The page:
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Interviewing ABCs

Good interviewing takes time and preparation. Here are some steps you can take to ensure you hire the right person the first time.

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Writer Paul Bailey, a contributing editor to BodyShop Business, has been a collision repairman for more than 20 years and is an avid photographer, writer and artist. Currently at work on what he expects to be his first book, Bailey resides in Florida with his wife, Cathy.

To at least some degree, I think everyone at a job interview is a bit of an actor. No employer likes to admit in the interview that he yells at his crew or expects them to work late to satisfy a customer. And job seekers aren’t likely to mention the shortcuts they’ve taken to save time, or maybe the long lunch they take on Fridays. For the most part, the interviewer/interviewee relationship tends to accentuate the positives that each party has to offer. That aspect of the interview is as it should be as long as it doesn’t evolve into a bragfest.

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The information each party shares in the interview should give the other party an accurate image of the qualifications, experience and general work ethic or attitude he or she brings to the negotiating table. As well, each party must be thorough and clear in sharing his or her expectations of the other party. But after that information is exchanged and everybody likes what they’ve heard, is that the end of the interview? “You’re hired. When can you start?” and that’s it?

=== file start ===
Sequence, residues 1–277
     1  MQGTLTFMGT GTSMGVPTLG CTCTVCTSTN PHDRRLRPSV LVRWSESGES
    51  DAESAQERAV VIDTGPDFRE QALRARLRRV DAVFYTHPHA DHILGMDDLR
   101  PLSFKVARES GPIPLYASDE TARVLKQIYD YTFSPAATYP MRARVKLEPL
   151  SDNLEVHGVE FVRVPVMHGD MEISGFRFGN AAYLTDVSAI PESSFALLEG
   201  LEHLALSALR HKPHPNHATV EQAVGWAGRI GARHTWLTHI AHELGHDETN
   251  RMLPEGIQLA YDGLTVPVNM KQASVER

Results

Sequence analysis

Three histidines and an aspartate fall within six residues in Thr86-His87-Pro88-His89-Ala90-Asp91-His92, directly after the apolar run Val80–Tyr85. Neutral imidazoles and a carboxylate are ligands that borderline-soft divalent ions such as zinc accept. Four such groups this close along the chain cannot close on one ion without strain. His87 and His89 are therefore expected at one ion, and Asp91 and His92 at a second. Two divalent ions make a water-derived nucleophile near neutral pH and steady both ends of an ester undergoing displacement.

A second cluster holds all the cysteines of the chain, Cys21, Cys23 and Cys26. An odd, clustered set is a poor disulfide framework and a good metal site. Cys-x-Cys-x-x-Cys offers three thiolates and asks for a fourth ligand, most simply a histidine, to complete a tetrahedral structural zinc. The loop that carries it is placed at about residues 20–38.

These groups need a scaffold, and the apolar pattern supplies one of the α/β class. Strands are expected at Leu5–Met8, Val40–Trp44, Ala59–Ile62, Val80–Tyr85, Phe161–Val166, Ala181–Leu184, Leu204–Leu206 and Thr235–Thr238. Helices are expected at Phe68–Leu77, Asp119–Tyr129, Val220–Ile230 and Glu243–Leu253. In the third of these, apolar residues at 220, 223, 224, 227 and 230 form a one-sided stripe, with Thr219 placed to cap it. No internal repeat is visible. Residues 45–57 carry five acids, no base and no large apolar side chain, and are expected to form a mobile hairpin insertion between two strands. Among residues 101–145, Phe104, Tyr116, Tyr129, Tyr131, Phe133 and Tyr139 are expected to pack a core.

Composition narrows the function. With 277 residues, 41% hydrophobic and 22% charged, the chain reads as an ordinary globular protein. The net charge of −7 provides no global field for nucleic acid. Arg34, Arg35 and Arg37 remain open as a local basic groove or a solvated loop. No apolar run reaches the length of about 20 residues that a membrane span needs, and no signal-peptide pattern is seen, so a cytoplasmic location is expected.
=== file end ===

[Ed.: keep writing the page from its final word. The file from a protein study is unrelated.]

Usually, that’s the way it happens. I was offered a job one time in as little as 10 minutes by someone who had never met me or heard of me before. But is it really a good idea to enter a business relationship with someone after only talking to him or her for a few minutes? That seems like a bit of a gamble to me. After a 10-minute conversation, you don’t know that technician from Adam, and a week or 10 days later, you have three or four butchered messes to clean up and you’re short of help again because you fired the guy.

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Invest the Time

I’ve seen a growing number of shop owners/managers reduce the likelihood of a situation like that happening by investing more time in the interview process. Some techs are following suit as well. I’ve often told interviewers that I would have to hear a couple of other job offers, at which point I would come back to talk more before making a final decision. The bottom line is that it’s important to both parties entering an employer/employee business relationship to take enough time to learn as much as possible about the other person.

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If you interview a potential employee and you like his or her qualifications and experience, show the applicant around your shop. Discuss your compensation package. Keep the conversation strictly business. But don’t make a decision to hire – urge the applicant to think things over thoroughly. An interview in which qualifications, experience, various expectations, etc., are negotiated and agreed upon would make a good initial interview, but leave it at that for now. If both parties are impressed, schedule another meeting.